While the iPad may look like a large iPod touch, in terms of computing, it's much closer in functionality to a PC than a phone.


Presenting: This is another difficult -- or impossible, depending on the device -- task to perform with a phone. Thanks to the iPad's support for VGA-out via an added dongle that costs extra, presenting should be a non-issue, but wasn't something I could try. Apple's dongle wasn't available for me to test, so this is something I'll need to revisit in practice. One issue I did find is that while Keynote works well importing many PowerPoint presentations, it's much like its big brother on the desktop, socomplex presentations will need tweaking – in some cases quite a bit – in order to be usable. Like Numbers, there's also no PowerPoint export.

Battery Life:
While not an activity per se, one of the challenges of replacing your laptop with a phone is battery life. No phone I've tried could handle the extra workload I put on it with extended email and productivity use. The iPad's battery life is excellent. I haven't been able to test Apple's ten hour battery life claim directly, but I had no problem getting through full days of testing and use without a need to recharge. Given my usage, I could easily see getting through a couple of days of moderate use and at least a full day of heavy use on a single charge.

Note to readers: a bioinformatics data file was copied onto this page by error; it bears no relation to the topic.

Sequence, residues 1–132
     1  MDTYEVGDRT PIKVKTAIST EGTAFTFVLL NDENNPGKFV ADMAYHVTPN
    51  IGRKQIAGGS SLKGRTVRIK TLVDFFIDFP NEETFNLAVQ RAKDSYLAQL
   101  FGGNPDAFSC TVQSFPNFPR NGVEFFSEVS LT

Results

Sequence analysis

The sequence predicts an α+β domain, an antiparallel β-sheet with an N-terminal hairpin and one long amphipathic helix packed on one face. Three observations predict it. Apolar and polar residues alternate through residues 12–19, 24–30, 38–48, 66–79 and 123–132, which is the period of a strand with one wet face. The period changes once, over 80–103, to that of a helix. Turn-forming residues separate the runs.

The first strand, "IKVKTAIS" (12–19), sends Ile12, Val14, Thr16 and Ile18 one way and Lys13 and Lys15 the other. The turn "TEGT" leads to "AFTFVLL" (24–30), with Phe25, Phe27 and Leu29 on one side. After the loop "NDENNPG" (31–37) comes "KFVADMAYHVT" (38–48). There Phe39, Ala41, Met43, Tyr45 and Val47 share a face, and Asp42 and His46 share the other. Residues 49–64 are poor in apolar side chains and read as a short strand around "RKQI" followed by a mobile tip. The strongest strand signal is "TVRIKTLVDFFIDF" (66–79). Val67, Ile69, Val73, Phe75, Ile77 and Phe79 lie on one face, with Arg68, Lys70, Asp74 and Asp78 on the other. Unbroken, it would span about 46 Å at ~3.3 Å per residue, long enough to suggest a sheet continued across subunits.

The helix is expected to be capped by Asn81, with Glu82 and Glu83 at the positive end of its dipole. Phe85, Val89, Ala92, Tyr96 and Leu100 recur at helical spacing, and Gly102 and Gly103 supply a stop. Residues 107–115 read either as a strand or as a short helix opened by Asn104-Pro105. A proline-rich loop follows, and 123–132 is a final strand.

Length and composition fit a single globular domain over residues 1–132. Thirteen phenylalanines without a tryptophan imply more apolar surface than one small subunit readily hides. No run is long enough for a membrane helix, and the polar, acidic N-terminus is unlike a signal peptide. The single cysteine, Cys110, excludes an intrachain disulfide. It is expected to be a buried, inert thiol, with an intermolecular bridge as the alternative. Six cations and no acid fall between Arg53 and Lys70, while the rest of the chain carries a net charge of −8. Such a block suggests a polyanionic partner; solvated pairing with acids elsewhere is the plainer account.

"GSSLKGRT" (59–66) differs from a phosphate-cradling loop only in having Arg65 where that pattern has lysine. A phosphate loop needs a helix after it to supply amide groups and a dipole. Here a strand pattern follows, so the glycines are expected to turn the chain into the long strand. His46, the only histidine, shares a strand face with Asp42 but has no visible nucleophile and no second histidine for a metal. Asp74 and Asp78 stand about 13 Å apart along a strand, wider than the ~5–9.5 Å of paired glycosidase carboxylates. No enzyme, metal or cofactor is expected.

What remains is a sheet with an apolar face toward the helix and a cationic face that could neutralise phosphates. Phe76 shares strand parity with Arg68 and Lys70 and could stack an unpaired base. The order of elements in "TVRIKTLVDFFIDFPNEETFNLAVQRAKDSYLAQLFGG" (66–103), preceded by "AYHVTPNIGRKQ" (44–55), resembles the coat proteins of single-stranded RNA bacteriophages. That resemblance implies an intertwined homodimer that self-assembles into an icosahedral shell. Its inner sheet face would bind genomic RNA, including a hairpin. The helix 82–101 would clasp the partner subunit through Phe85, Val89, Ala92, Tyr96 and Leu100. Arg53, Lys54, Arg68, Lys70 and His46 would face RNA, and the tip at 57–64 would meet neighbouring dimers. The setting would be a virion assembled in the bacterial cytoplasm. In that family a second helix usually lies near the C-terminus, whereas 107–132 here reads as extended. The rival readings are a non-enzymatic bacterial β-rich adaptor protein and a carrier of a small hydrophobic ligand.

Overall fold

Bottom line? My first impressions of the iPad as a productivity tool are pretty good. The XGA display renders it much more usable than many netbooks and its performance proves quite capable of handling complex tasks. In addition to Office tasks I also used SketchBook Pro and PhotoGene to both create and edit graphics and photos. Both allowed a degree of sophistication not found in their iPhone counterparts.

So what's missing? The required accessories. In order to make the iPad a real productivity tool capable of replacing your laptop, you're going to want a Bluetooth keyboard, the VGA adapter for presenting, and a copy of iWork (or another compatible office suite). Even then, you're still going to be missing some of the functionality that you're only going to get on a full computer. As for me? Given the iPad's relatively light weight, I can envision traveling with the iPad in addition to a laptop on long trips, leaving my laptop in the hotel room and using the iPad throughout the day and taking just a smartphone for evening use. For shorter trips of less than a week, my laptop's going to stay home and the iPad will be my new travel buddy. As everyone's case is a little different, I welcome thoughts from others as they receive their devices to let me know their use cases and productivity scenarios. While the iPad may look like a large iPod touch, in terms of computing, it's much closer in functionality to a PC than a phone. The net result is a framework for computing for the next generation of devices. In the long run, that might be what's most important.


Michael Gartenberg is a partner at Altimeter Group. His weblog can be found at gartenblog.net. Contact him at gartenberg AT gmail DOT com. Views expressed here are his own.